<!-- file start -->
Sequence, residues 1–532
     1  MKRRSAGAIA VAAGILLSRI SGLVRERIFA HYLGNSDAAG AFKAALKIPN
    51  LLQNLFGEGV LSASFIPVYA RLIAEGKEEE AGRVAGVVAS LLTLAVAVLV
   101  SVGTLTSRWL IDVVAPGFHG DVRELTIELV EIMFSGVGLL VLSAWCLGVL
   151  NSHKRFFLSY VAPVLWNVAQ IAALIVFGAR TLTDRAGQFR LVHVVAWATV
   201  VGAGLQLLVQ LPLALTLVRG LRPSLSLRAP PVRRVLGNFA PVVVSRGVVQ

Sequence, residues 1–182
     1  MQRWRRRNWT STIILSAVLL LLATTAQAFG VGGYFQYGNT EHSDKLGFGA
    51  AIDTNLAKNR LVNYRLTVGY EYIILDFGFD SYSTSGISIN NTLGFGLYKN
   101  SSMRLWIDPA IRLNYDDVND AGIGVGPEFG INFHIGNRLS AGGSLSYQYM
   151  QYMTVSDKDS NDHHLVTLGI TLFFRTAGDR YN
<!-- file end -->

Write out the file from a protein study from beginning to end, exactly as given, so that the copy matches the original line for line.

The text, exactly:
Sequence, residues 1–532
     1  MKRRSAGAIA VAAGILLSRI SGLVRERIFA HYLGNSDAAG AFKAALKIPN
    51  LLQNLFGEGV LSASFIPVYA RLIAEGKEEE AGRVAGVVAS LLTLAVAVLV
   101  SVGTLTSRWL IDVVAPGFHG DVRELTIELV EIMFSGVGLL VLSAWCLGVL
   151  NSHKRFFLSY VAPVLWNVAQ IAALIVFGAR TLTDRAGQFR LVHVVAWATV
   201  VGAGLQLLVQ LPLALTLVRG LRPSLSLRAP PVRRVLGNFA PVVVSRGVVQ

Sequence, residues 1–182
     1  MQRWRRRNWT STIILSAVLL LLATTAQAFG VGGYFQYGNT EHSDKLGFGA
    51  AIDTNLAKNR LVNYRLTVGY EYIILDFGFD SYSTSGISIN NTLGFGLYKN
   101  SSMRLWIDPA IRLNYDDVND AGIGVGPEFG INFHIGNRLS AGGSLSYQYM
   151  QYMTVSDKDS NDHHLVTLGI TLFFRTAGDR YN